The Madison Historic District Board of Review governs the Historic District ordinance which aims to protect the oldest and most historic part of the city of Madison.
The district encompasses the entire downtown area from the river bluffs on the north, the Ohio River on the south and city limits on the east and west.
The board meets the fourth Monday of each month at 5:30 p.m. at Madison City Hall, 101 W. Main St., Madison, Ind.
For more information, contact the Madison Plan Commission at (812) 265-8324.
Going before a historic district architectural review board and explaining your remodeling or restoration project can be a mildly daunting experience, but it does not have to be a horrible experience.
Most boards are empowered by city ordinance to review the exterior appearance of a structure. It is often the change of appearance that triggers the need to come before the board. Thus, the board wants to be able to visualize the project by reading your application and visiting the property.
Thus, before you go to the board try to do the following…
1) Plan ahead. Many boards meet only once a month and applications are often due 2-3 weeks before the meeting to allow for legal advertising. Many boards also require certified letters be sent to neighbors and you will need the receipts prior to your application being considered.
2) Have a plan, but don’t commit to a contract or purchase materials until you are approved. Know what you want to do before applying to the board as you will be held to your application once approved. However, during the meeting things can change. You might find the board does not want to approve your replacement windows unless they are the exact size of the original windows. If you have already purchased the windows, you could find yourself in a bind.
3) Take photos of your property as it exists. Take both overall photos and close up photos of areas that will be changed or that can demonstrate structural problems with the house. For example, if you are wanting to install new windows, take photos showing conditions of the existing windows. Many boards require photos as part of your application.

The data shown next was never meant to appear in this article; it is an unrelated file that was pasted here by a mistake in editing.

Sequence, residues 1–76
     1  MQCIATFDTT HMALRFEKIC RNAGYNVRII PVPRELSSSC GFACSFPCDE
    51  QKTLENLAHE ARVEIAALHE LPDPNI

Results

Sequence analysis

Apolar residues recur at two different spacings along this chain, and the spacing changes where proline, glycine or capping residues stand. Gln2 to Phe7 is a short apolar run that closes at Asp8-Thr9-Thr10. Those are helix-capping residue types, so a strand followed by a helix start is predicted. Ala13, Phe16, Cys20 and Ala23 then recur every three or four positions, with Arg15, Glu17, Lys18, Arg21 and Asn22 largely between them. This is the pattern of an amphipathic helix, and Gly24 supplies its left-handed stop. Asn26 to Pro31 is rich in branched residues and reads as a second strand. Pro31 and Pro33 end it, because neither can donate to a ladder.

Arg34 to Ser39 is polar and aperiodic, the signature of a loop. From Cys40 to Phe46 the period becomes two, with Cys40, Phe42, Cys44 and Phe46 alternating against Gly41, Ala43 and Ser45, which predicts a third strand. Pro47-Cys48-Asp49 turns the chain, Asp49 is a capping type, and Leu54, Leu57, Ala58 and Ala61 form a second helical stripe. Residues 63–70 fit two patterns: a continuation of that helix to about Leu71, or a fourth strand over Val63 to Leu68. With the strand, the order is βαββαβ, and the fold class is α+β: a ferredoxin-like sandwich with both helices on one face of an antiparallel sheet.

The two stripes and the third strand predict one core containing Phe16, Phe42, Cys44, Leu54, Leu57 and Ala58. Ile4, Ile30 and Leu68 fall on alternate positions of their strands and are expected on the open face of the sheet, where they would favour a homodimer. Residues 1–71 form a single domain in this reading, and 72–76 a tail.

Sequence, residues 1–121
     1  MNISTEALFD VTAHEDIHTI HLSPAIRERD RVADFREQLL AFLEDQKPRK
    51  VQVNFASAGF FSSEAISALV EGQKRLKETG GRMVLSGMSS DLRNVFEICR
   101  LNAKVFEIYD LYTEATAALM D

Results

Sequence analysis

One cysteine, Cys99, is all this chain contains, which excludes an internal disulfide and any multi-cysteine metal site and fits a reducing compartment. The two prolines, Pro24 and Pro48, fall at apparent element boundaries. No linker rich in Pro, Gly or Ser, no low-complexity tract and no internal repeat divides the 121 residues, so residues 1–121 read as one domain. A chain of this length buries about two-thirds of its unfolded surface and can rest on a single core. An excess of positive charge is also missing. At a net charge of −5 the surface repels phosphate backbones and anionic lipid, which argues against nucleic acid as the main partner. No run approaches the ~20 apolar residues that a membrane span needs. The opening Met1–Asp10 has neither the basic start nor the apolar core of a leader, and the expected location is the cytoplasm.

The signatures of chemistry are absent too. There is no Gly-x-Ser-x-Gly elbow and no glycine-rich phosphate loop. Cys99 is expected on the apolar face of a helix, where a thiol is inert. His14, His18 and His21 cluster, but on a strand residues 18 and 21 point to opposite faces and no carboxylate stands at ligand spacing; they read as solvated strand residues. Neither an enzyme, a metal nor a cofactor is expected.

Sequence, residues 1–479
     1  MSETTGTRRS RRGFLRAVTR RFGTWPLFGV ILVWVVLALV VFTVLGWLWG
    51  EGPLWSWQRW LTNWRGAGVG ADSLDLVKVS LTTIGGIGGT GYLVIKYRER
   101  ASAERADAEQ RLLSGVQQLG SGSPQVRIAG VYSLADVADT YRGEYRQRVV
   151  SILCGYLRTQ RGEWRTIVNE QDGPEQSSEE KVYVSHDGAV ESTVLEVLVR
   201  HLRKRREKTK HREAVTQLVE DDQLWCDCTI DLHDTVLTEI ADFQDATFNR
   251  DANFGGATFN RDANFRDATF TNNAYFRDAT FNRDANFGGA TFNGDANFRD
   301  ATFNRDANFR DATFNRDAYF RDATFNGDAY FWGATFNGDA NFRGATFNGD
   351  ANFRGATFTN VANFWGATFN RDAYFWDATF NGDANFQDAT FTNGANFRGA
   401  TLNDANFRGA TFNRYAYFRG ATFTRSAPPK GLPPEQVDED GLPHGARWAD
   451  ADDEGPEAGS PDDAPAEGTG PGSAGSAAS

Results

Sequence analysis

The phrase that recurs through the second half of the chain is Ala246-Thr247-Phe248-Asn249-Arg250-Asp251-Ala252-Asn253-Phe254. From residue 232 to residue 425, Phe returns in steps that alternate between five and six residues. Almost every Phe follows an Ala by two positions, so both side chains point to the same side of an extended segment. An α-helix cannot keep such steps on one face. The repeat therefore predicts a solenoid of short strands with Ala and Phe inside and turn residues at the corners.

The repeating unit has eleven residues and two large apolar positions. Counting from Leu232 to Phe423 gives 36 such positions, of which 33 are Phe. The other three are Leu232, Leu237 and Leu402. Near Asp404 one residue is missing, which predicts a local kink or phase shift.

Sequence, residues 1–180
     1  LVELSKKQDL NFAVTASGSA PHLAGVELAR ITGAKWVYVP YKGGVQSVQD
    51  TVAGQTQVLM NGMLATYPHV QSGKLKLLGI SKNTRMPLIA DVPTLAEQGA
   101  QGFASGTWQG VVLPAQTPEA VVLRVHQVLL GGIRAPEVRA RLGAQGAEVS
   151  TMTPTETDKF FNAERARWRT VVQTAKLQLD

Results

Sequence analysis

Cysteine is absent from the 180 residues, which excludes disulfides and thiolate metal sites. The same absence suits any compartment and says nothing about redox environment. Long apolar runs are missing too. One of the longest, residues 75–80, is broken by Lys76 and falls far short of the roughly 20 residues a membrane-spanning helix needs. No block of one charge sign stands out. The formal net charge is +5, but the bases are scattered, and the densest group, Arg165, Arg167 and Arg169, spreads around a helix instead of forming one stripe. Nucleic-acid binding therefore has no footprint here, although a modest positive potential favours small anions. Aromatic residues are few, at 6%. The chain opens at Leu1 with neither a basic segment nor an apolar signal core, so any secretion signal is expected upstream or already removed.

4) Make drawings of how the structure will look when you will be done with the project. Again, many boards require drawings. These drawings do not have to be technically perfect by any standard, but should demonstrate the jist of your planned work.
5) Write a detailed description of that materials you will be using. Tip: Investigate staying true to the existing materials and sizes. Failing that, try to reproduce the look of the original materials as much as possible. For example, with replacement windows, keep the exact same size if at all possible with the replacements. If vinyl replacements are the only option, purchase them with exterior window dividers that mimic the wood dividers.
Think about that wonderful grandfather’s clock that has been passed through your family for generations (or pretend this is the case). When it comes into your possession and it needs work, do you take out the old clock works and replace them with digital workings? No, because that would irrevocably damage the value and history of the clock. Historic review commissions see historic structures are no different.
Try to stick with the original materials where at all possible or try to revert to the original materials. Try taking off the aluminum siding and seeing if the wood underneath is salvagable before trying to put on vinyl siding. Try fixing wood windows and insulating the space around the windows before buying vinyl replacements. While historic materials do take more maintenance, you will come out ahead in property values and possible even energy costs. For example, properly maintained wood windows with storms provide better insulation than modern double paned windows alone. (Contact the Historic Landmarks Foundation of Indiana for details).
The historic district review boards can clarify the requirements for their particular application process and answer questions about their district’s regulations. Also, there are numerous resources and organizations across the state, such as Historic Landmarks Foundation of Indiana that are willing to help.